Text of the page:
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Not All “Meatless” Meats Good for Health/Environment

A Forbes article says science-backed claims that plant-based meats are healthier for both humans and the environment have sparked a wave of veganism. However, all may not be as it appears. Sarah Galetti, the founder of vegan frozen food brand Tattooed Chef, says that many of the vegetarian meat products aren’t as clean as consumers think. Some of the brands that make an effort to mimic meat using scientifically engineered textures, smells, and flavors. Among those ingredients is soy hemoglobin, which is made from genetically modified yeast, which is used in the product to look like blood. The Burger King Whopper only has 30 more calories than the Impossible Whopper, the company’s “meatless” alternative. The Whopper also as one more gram of saturated fat and is 270 milligrams lower in salt than the Impossible Whopper. Research from the Federation of American Societies for Experimental Biology indicates that “Among meat substitutes, veggie burgers are associated with the highest carbon dioxide emissions, coming in at 4.1 kilograms per kilogram of the product.”

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Court Says No to Reversal on Dicamba

Late last week, a panel of judges in the Ninth Circuit Court said no to a BASF motion to stay and recall their June 3rd ruling that vacated three dicamba registrations. The move puts dicamba registrations and product users back where they started the month: with three or four over-the-top dicamba herbicides no longer federally approved for use. For now, farmers and applicators can still apply any existing stocks that were in their possession on June 3rd, according to the cancellation order issued by the Environmental Protection Agency on June 8th. They have to follow directions on the former labels, as well as any state rules that are already in effect, including state cutoff dates that may have already taken place. Looking past 2020, a DTN article says the future of three dicamba registrations is in limbo. BASF had asked the judges to recall their mandate based on several reasons. For example, BASF says it wasn’t made aware that its Engenia herbicide was at stake in the case before the June 3rd decision. That meant they didn’t get a proper opportunity to defend the product in court.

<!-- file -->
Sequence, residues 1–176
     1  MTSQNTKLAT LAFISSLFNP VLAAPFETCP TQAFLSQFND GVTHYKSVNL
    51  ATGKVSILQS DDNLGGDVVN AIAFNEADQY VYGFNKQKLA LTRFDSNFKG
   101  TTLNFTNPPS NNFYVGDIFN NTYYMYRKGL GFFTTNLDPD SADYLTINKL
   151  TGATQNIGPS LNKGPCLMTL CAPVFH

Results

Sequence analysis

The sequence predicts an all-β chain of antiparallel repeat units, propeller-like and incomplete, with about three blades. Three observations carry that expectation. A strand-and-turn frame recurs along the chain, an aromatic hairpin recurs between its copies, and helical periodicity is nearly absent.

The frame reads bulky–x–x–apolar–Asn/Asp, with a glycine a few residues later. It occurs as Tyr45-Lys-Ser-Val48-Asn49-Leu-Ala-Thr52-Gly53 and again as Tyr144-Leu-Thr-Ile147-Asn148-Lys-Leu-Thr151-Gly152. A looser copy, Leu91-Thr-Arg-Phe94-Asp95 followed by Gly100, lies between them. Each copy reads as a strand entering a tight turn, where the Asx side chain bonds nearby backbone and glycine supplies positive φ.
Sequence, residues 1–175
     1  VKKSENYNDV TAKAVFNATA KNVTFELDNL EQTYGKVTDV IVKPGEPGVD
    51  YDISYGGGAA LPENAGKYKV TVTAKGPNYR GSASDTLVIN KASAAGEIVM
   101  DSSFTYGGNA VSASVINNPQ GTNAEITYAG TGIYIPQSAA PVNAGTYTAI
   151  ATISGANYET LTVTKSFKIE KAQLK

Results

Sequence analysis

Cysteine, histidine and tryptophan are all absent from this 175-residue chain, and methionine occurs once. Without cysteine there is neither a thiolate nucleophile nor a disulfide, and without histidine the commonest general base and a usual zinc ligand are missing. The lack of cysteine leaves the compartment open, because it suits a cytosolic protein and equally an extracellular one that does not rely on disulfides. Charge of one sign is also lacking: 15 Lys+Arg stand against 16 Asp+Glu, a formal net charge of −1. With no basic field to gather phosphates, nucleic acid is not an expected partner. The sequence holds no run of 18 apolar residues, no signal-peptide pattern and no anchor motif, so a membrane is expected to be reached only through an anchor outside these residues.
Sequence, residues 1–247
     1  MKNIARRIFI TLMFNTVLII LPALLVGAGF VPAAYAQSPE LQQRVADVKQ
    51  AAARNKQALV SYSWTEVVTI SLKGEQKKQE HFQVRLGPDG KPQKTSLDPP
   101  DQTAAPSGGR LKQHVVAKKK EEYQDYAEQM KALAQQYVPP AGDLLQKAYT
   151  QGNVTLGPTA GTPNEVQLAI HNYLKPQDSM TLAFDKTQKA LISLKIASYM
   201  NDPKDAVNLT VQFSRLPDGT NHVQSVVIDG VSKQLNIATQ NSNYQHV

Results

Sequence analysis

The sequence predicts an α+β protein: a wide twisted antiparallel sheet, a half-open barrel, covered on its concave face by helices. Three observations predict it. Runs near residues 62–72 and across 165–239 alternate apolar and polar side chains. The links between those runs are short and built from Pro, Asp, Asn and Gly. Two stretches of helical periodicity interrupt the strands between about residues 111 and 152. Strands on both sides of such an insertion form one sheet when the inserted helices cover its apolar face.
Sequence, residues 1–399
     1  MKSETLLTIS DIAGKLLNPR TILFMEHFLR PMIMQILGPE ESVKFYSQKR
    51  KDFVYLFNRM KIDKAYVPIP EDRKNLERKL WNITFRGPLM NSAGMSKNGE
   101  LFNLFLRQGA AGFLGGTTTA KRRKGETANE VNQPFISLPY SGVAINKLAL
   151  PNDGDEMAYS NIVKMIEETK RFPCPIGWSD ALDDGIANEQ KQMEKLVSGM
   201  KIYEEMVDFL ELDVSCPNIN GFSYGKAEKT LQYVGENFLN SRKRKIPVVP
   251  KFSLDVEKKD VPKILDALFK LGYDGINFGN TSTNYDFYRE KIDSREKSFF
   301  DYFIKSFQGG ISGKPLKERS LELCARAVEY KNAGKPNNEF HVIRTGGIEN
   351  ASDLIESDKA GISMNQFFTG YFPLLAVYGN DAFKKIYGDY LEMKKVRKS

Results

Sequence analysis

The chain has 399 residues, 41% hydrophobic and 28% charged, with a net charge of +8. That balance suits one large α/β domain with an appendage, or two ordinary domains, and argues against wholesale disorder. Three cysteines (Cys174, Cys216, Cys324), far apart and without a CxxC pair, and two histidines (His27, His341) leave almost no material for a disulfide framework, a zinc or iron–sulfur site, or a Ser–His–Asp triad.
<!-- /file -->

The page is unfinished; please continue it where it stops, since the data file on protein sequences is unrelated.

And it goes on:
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No Farm Progress Show and Husker Harvest Days in 2020

The Farm Progress Show and Husker Harvest Days have been going strong for 65 years as a place that farmers can go to find out about new products and tools to boost productivity. But, for the first time ever the shows won’t happen. Farm Progress made the difficult decision to cancel both shows due to the rapidly changing conditions related to COVID-19. Show management had initially said the shows would go on with different health and safety requirements in place. State and local officials had come out in support for both shows taking place. But Farm Progress officials said it became apparent in a very short time that the situation across the U.S. is changing. While state and local officials had expressed support for the shows, Farm Progress said it became apparent in a very short time that the situation in the U.S. is changing. “We have been working with officials in Iowa and Nebraska for our shows, and we appreciate the support they expressed for us to hold the events,” says Senior Vice President Don Tourte. “They are critical partners to us, and we are all disappointed to not host the events this year but feel confident this is the right decision for our community.”

SOURCE: NAFB News Service